Raising Money from Family and Friends

Long before banks are willing to loan money, often when you first have an idea, you raise money from friends and family to start your business venture. Many a long-term successful venture begins this way, with an equipment budget gifted from grandma and supplies expenses from your dad in exchange for a little ownership. Even on slightly larger scales, this is one of the most common ways businesses raise their initial capital. After all, if your friends and family won’t give you money and assistance, you’re unlikely to get it from investors you don’t know or banks that just want... READ MORE

Child Safety Online: Running Websites Aimed at Children

You might not realize this if you don’t have children, but web content is popping up aimed specifically at entertaining, engaging, and marketing to children. Today’s kids can navigate a tablet before they can talk and online businesses are targeting this demographic (and their parents) to educate and market. You can’t buy a kids meal at a fast food restaurant without the toy including an online game or component and YouTube channels with millions of views are popping up where the video is nothing but adults playing with toys or playing video games. To promote child safety online, there are... READ MORE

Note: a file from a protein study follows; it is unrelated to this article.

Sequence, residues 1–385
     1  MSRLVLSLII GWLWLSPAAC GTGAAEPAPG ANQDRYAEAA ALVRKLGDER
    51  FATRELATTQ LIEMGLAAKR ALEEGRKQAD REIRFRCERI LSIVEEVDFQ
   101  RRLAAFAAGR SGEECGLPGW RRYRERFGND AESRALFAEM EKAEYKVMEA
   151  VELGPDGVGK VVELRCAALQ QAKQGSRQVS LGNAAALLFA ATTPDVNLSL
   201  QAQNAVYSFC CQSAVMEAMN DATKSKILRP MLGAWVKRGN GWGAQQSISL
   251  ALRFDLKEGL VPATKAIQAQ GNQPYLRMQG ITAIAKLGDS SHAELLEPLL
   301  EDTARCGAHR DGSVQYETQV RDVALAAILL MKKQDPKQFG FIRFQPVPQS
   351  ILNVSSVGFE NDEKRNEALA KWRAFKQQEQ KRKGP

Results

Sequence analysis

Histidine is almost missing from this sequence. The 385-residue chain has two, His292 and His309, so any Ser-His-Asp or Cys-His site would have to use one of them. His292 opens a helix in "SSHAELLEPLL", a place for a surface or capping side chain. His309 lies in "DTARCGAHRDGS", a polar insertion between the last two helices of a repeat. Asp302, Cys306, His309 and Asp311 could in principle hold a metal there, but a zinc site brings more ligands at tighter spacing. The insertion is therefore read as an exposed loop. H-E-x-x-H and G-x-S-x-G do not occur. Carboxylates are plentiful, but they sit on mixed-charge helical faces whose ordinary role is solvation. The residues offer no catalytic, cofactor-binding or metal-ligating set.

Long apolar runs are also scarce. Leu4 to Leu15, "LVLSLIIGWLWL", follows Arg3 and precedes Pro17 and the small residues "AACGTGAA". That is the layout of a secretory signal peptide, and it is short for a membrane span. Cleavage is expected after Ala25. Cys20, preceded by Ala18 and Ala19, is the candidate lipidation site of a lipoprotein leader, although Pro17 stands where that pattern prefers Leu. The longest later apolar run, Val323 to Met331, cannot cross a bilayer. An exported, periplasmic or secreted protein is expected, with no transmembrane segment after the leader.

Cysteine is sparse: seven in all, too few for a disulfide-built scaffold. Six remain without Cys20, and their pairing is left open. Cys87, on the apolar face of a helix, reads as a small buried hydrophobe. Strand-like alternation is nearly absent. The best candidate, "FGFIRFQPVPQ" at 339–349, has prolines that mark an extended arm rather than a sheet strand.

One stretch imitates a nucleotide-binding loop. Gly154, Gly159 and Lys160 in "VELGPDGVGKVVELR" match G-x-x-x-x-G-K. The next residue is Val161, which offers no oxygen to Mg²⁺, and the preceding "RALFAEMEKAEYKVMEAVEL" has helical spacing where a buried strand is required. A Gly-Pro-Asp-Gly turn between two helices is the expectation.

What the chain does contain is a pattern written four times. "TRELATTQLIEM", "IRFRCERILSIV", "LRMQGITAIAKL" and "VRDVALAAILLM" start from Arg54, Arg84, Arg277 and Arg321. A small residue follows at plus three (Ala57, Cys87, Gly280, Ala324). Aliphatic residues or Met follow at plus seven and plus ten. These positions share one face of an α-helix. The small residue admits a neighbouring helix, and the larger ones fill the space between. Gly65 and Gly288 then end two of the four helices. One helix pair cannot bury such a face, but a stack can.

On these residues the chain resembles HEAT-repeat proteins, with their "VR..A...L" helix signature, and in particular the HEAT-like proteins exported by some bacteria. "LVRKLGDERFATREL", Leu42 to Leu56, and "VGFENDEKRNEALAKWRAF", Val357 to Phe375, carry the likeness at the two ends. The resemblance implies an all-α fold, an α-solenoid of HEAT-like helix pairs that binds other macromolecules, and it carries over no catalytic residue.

Preventing Discrimination in the Workplace